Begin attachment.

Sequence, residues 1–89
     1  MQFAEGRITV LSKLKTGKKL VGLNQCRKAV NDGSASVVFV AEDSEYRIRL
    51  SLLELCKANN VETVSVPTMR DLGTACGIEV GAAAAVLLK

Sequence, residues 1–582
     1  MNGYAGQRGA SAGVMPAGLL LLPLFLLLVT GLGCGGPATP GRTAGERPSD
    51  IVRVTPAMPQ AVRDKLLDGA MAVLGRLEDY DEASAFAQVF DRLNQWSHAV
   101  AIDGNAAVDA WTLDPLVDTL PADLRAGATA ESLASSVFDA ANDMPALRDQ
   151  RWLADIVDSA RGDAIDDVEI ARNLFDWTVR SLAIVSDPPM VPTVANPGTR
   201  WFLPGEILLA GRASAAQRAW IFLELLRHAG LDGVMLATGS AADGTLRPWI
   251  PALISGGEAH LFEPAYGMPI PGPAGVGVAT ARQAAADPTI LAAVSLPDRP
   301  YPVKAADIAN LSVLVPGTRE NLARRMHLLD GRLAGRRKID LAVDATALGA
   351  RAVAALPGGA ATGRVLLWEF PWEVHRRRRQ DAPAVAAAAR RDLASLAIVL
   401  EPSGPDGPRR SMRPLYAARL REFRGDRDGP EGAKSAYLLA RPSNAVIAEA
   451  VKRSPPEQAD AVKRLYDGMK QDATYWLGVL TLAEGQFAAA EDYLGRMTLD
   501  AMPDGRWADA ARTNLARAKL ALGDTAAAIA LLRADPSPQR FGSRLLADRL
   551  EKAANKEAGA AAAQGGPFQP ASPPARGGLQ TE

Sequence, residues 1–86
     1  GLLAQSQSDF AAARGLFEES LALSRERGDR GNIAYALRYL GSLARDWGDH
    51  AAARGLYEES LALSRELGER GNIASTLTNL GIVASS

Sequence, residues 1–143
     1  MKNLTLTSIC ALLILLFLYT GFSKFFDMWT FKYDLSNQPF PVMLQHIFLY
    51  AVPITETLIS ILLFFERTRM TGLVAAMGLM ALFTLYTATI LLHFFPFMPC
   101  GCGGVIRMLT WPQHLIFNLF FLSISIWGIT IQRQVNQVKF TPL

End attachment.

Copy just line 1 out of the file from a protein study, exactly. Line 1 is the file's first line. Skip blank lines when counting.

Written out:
Sequence, residues 1–89